EDMONTON — Premier Jason Kenney is rejecting criticism he waited too long to bring in tighter COVID-19 measures, labelling such talk as “Alberta bashing.”
The comment came in a radio interview Wednesday with Edmonton’s CHED radio station. Kenney lauded Alberta’s pandemic response in the spring, including when Edmonton hosted the National Hockey League playoffs in an isolation “bubble.”
That prompted host Shaye Ganam to interject: “Premier Kenney, with all due respect, you’re talking about things that happened several months ago, and we’re in a drastically different situation now.
“Things are far, far worse when you talk about our record in terms of pandemic response. It’s among the worst, especially in Canada.”
Kenney countered: “I don’t accept the Alberta bashing that is going on here.”
The premier said Alberta’s high COVID-19 case counts don’t reflect the number of people who are sick. He said comparable jurisdictions are facing similar rates and the key metric is death rates.
“The truth is Alberta’s fatality rate of COVID cases, which is the most important statistic, is … significantly below that of Ontario, of Quebec, of Manitoba and only slightly ahead of British Columbia,” Kenney said.
‘Drive-by smears’: Kenney
On Tuesday, the premier rejected taking responsibility for the soaring case numbers at a news conference where he announced more strict public-health measures.
“From a health perspective, it’s clear your approach hasn’t worked to date and has arguably even cost people their lives. Do you acknowledge any responsibility and apologize for the way you’ve handled the second wave of the pandemic?” asked Postmedia reporter Sammy Hudes.
“That sounds a lot more like an NDP speech than a media question, Sammy,” replied the United Conservative premier. “I reject the entire premise of your question.
“You have just joined folks who are doing drive-by smears on Alberta.
“We’ve tried to do this in a balanced way and now it’s up to Albertans to rise to the challenge,” Kenney said.
Alberta reported more than 21,000 active cases Tuesday with 654 people in hospital — 112 of them receiving intensive care. There have been 640 deaths.
The province’s health system has been reassigning patients, staff, wards and spaces to free up more intensive care beds.
The Opposition NDP and hundreds of doctors had for weeks been calling for a lockdown, saying case rates were projecting a dire situation.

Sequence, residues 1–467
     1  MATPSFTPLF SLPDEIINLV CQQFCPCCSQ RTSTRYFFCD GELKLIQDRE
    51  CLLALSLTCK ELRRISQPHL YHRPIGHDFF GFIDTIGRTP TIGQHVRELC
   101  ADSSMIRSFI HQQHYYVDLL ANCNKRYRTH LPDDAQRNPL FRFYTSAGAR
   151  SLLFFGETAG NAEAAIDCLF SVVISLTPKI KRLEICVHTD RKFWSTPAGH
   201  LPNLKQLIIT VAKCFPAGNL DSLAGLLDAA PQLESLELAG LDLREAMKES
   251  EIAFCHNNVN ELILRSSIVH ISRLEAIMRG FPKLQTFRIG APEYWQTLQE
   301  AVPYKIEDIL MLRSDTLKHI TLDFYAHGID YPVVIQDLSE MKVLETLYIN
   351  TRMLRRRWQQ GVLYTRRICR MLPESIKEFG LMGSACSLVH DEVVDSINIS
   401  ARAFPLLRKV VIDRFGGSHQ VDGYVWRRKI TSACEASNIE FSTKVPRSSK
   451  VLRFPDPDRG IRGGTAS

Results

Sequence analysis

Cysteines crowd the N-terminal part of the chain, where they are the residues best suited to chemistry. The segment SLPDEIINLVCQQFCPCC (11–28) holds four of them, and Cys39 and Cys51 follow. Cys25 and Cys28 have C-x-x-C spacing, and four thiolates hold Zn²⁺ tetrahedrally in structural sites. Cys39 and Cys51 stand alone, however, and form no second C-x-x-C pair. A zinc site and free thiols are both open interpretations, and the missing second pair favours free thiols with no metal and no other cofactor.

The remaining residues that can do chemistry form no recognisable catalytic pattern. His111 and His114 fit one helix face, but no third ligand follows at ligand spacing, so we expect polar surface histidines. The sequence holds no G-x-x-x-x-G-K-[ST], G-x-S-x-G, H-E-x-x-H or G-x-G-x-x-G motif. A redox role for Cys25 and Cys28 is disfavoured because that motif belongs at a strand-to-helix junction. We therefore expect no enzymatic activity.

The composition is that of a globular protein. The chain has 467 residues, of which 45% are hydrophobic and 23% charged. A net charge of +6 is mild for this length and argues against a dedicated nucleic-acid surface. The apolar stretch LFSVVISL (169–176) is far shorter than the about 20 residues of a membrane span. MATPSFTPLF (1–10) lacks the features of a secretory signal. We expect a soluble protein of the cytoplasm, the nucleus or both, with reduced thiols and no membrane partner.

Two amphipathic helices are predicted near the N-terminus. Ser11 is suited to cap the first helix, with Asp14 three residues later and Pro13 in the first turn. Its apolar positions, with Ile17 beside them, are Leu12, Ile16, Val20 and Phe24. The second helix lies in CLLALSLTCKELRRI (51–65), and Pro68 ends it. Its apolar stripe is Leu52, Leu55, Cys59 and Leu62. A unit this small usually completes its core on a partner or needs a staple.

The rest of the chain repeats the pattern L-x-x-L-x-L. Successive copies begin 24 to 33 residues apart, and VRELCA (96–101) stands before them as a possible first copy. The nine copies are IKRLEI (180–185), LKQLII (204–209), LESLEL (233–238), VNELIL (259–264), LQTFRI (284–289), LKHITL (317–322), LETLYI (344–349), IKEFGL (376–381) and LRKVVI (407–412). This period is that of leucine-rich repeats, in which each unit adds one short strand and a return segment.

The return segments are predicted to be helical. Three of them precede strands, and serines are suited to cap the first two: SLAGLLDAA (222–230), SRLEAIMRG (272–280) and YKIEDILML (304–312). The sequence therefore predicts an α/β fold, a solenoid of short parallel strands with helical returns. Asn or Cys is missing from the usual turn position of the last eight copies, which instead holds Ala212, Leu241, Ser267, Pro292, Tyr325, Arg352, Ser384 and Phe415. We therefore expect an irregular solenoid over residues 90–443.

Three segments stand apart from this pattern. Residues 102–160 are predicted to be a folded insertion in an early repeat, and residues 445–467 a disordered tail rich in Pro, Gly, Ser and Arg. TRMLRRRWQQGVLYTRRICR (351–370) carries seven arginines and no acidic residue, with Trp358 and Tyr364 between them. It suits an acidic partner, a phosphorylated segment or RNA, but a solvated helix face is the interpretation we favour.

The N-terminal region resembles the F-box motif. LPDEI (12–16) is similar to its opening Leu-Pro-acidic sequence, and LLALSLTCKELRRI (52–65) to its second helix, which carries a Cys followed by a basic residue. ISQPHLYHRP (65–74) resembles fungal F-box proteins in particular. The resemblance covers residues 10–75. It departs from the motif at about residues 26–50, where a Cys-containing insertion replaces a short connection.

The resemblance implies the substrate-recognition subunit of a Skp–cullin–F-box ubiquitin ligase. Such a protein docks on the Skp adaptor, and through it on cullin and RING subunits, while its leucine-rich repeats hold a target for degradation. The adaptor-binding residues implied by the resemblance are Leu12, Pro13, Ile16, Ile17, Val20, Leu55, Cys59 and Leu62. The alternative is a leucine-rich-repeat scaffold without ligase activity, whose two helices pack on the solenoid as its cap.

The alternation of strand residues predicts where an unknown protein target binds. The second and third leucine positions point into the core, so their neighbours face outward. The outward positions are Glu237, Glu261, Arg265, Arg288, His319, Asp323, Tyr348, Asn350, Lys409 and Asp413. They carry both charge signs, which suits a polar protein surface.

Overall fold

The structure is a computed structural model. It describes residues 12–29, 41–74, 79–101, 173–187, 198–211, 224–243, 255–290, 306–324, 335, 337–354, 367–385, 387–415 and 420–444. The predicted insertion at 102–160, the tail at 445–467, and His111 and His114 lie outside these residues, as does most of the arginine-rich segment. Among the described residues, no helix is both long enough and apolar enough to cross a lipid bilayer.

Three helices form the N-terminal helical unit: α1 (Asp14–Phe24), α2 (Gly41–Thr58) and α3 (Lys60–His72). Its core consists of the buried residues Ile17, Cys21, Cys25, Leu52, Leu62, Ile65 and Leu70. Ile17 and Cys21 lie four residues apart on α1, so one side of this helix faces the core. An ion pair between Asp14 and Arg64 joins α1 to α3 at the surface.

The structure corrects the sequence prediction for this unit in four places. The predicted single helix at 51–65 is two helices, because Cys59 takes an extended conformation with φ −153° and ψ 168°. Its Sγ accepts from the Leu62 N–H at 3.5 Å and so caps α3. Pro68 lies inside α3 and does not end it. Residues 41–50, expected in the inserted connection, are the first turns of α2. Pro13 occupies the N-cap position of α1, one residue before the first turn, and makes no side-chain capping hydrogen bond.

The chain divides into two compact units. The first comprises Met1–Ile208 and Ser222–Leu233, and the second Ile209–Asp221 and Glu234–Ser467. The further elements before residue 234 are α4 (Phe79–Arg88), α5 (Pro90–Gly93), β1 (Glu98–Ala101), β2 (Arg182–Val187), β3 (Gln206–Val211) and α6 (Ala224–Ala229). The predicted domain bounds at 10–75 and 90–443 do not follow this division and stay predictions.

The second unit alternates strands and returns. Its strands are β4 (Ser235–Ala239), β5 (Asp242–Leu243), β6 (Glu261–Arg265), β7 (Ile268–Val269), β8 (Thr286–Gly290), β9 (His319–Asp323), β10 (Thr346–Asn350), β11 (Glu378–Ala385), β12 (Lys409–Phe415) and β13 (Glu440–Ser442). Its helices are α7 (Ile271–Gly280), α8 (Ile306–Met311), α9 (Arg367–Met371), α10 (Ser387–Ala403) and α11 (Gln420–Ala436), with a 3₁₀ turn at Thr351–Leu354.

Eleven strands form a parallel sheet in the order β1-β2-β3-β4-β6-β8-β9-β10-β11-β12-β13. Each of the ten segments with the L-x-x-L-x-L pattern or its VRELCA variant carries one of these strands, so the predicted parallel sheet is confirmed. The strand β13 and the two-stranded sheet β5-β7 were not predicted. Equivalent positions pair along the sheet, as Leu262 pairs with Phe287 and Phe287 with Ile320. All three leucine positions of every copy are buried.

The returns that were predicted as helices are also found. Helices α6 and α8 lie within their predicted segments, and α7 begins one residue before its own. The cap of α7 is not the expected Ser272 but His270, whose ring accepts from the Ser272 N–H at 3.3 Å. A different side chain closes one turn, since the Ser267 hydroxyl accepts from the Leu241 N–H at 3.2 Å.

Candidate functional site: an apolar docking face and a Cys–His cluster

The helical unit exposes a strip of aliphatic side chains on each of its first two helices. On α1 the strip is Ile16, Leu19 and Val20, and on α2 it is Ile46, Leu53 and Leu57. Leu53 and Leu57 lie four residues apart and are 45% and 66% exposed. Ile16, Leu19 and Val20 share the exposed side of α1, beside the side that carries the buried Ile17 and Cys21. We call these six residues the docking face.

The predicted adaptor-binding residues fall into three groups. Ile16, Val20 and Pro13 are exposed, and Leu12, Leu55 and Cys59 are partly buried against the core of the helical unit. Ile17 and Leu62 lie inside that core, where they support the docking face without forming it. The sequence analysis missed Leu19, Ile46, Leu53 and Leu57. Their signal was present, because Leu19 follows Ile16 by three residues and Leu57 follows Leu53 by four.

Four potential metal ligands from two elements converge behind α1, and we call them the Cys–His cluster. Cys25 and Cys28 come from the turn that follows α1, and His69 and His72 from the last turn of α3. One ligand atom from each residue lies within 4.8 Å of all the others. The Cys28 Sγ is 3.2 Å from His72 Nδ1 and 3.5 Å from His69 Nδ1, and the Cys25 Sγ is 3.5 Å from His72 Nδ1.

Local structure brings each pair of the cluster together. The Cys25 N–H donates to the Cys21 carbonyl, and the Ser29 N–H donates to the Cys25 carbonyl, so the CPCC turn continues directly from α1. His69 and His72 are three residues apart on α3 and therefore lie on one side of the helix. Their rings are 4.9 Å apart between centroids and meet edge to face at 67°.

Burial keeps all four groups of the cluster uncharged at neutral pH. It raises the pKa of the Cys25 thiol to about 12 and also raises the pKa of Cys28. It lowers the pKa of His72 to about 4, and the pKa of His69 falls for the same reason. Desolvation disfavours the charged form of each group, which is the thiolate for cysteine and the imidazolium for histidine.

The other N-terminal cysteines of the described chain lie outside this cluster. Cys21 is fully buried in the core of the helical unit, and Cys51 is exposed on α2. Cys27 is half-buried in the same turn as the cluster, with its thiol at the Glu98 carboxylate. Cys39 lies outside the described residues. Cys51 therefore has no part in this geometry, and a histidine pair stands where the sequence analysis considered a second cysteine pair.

In response, Kenney banned extended indoor private gatherings two weeks ago and put further limits on customers in stores and businesses. But he said it was critical to keep shops, casinos, waterparks, and other businesses open as much as possible to prevent further damage to the economy, community well-being and mental health.
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NDP Leader Rachel Notley said Kenney ignored public health advice for a month and Albertans are now paying for it.
“We could have acted four weeks ago,” Notley said Tuesday.
“Since then, an additional 317 Albertans have died. The number of people in hospital has shot up 469 per cent. The number of ICU patients is up 300 per cent. We have the highest number of active cases of COVID-19 in the country.
“And now all of us are staring down the barrel of the most restrictive Christmas we could ever have imagined.”
The new rules, in place for at least four weeks, shutter almost all public activities while keeping retail businesses open at sharply reduced capacity.
There is a ban on indoor social gatherings beyond those who live under the same roof. No outdoor gatherings are allowed except for fitness activities, like running, skiing and skating, as long as the participants follow health and distancing rules.
Jobs Minister Doug Schweitzer also announced $500 million in supports to help small and medium-sized businesses survive the shutdown.
This report by The Canadian Press was first published Dec. 9, 2020.